Over 730 million people now live in countries which have ‘high and critical levels’ of water stress, according to the UN. The impacts are already being felt, as water rationing, increased droughts, and lower crop yields are now commonplace.
Access to clean water is a human right. This is expressed in Sustainable Development Goal 6, which aims to “ensure availability and sustainable management of water and sanitation for all”. While many people take water for granted, the available amount is decreasing but societal demand is growing. By 2030, the UN predicts there will be a 40% shortfall of available global water supply. Water is currently undervalued at a scale which leads to inefficiencies, underinvestment, and a lack of understanding around the risks the crisis poses, both now and in the near future.
If businesses don’t know how they are exposed to a problem, they can’t be expected to address it properly. We can only address the global water crisis by valuing water appropriately. Companies and governments have a mixed record on the issue. The price paid for water does not reflect the real costs of extracting, transporting, using, and polluting. Regulatory authorities often set water tariffs that do not reflect scarcity conditions, or give incentives to use it more wisely.
For many corporates there is a lack of awareness or an assumption that freshwater will always be available to meet their needs, but the picture is changing. Valuing water is growing in prominence in both boardrooms and policy circles.
In 2021, CDP’s water questionnaire was issued to over 6,000 companies on behalf of over 680 financial institutions and 200 large corporates, which used their role as investors and lenders to ask companies to respond. CDP’s analysis of the responses shows how global companies are starting to take stronger and more meaningful action on water. Over 3,300 companies now disclose their data, a number which has increased year-on-year from 176 in 2010. Last year, 118 of these companies made it onto CDP’s Water A List, a grade reserved for those putting water concerns at the heart of how the business is run.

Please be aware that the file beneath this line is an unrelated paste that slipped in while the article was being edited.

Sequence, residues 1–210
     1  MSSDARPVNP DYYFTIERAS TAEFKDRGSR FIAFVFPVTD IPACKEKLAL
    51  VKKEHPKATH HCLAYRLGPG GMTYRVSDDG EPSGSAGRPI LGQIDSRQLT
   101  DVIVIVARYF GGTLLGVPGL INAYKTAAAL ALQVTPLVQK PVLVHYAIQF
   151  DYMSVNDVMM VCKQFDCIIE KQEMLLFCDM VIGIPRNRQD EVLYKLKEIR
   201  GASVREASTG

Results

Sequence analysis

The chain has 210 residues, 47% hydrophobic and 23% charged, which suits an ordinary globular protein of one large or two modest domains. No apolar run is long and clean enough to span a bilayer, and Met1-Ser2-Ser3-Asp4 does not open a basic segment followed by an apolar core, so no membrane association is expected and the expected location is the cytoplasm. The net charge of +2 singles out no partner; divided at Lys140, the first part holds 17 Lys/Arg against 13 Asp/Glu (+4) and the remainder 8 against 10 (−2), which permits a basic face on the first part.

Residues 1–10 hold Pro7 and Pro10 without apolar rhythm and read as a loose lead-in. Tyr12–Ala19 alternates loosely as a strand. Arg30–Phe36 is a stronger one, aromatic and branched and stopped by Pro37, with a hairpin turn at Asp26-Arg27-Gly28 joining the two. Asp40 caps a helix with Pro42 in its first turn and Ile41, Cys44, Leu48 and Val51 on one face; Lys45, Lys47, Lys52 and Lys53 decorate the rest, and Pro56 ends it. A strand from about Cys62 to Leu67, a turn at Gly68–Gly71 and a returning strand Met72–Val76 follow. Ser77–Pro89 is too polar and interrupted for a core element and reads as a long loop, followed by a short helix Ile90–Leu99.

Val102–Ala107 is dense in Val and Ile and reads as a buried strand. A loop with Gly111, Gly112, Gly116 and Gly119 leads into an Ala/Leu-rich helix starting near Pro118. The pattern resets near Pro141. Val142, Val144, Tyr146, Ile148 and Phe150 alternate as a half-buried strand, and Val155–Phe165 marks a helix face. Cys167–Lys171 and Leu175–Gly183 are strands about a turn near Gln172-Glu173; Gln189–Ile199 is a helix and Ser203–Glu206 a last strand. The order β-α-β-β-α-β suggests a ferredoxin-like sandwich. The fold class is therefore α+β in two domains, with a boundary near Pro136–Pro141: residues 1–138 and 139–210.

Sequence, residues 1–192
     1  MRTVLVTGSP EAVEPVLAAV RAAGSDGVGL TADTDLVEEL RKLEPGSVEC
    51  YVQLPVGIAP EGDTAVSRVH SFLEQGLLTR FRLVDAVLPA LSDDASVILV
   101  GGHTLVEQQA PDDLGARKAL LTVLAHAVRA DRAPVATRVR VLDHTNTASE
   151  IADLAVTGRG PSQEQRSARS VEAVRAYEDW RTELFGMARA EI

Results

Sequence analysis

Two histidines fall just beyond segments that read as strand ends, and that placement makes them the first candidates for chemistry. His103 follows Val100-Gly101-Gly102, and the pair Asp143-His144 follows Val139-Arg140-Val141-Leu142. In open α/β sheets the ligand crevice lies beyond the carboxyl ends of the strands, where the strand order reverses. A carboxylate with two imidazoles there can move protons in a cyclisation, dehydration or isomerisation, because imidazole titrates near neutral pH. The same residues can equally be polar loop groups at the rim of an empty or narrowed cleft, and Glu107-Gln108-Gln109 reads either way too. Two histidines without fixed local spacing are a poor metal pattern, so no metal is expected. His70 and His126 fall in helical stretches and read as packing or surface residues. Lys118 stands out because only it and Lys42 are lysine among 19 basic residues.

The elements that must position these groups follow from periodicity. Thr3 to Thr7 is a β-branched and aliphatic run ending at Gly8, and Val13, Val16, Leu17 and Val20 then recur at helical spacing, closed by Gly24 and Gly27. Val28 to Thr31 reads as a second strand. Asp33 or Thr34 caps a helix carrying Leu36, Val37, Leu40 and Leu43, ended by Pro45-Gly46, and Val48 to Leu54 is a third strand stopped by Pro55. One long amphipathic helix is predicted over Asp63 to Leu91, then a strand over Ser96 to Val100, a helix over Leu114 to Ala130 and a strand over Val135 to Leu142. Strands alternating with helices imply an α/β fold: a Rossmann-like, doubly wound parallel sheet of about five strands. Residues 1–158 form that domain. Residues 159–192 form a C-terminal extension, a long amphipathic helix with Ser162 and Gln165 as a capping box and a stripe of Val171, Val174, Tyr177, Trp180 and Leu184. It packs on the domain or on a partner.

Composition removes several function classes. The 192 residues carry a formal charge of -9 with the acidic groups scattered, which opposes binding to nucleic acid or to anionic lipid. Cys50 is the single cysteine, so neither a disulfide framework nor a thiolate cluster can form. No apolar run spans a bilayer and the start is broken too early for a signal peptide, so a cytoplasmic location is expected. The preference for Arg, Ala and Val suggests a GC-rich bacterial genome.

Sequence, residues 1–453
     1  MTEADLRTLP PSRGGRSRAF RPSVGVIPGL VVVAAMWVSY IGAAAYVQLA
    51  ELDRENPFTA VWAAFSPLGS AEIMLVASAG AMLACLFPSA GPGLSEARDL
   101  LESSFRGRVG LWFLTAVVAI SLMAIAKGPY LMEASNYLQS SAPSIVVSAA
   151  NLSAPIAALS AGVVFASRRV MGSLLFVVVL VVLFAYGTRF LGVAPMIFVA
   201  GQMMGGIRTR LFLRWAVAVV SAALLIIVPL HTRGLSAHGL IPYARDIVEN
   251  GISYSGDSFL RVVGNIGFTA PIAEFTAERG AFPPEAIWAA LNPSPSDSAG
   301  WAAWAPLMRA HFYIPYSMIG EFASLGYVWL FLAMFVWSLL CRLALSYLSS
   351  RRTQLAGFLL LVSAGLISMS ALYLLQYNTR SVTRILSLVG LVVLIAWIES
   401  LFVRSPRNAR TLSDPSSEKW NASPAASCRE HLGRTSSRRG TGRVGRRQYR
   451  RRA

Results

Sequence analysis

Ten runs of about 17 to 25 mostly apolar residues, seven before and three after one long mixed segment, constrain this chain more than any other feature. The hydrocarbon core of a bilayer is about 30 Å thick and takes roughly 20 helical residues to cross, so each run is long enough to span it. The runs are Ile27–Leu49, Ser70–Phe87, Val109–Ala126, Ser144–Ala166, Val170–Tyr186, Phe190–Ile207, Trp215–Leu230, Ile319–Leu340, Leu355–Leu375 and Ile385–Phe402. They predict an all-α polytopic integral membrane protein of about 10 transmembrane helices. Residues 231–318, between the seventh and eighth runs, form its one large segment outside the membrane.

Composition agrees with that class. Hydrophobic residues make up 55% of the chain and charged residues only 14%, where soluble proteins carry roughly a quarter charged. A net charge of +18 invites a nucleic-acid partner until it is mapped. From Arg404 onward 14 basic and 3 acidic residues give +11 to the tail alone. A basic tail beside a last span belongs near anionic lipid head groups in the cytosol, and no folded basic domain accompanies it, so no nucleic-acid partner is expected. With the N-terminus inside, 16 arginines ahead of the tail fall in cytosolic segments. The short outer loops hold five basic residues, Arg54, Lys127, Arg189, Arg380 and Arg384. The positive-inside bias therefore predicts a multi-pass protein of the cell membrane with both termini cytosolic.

One of the ways companies are now doing this is through setting an ‘internal price’ on water. This approach is an exercise in working out the monetary value of water to a business. An internal price could factor in the environmental costs of extracting water in a local area, or the benefits of improving water quality, efficiency, and securing water supplies. This price is then used to inform investment decisions and protect against shocks caused by water shortages.
The way an internal price is actually used varies across businesses. Our data shows that some use a hypothetical ‘shadow price’ to assess risks and opportunities, while others determine it based on the cost of securing adequate water sources, and even charge a fee to internal departments for their water impacts. This approach can lead to behavior change and improve environmental management practices. In some cases, it also enhances corporates´ engagement with local stakeholders.
Taiwanese electronics company AU Optotronics discovered the benefits of a setting an internal price when assessing the impact on wastewater. The company reported to CDP that “…not only is the water saving counted but also the monetization value of river pollution avoided, biodiversity maintained, and the increase of our water independence, which reduces costs when droughts occur.”
Over the past 5 years CDP has used its yearly water questionnaire to ask about internal pricing. The results from 2021 show that 269 companies confirmed they applied a price, but that it was used for different purposes. 52% of respondents said it was used to accurately reflect real and potential costs, while only 12% used it to work out the wider societal benefits. One of the more concerning findings was the lack of awareness on the issue, with many companies confusing the price to mean the tariff charged by water suppliers.
These results show both the road taken and the one ahead of us. The growth in companies disclosing and taking leadership on water issues has increased in recent years. But there remains a substantial number which are still unaware of the problem.
Internal water pricing can act as a way in by helping companies understand their impacts and what they can do about it. Voluntary disclosures to CDP demonstrate that, even in the absence of an efficient pricing mechanism set by water authorities, businesses can proactively factor in risk and opportunities. However, they need clear guidance on what an internal water price should look like and how to calculate it, alongside examples of the many benefits.
CDP will work with companies on water pricing to scale up its adoption among the world’s largest water consumers. Learn more about how to report on water pricing to CDP here.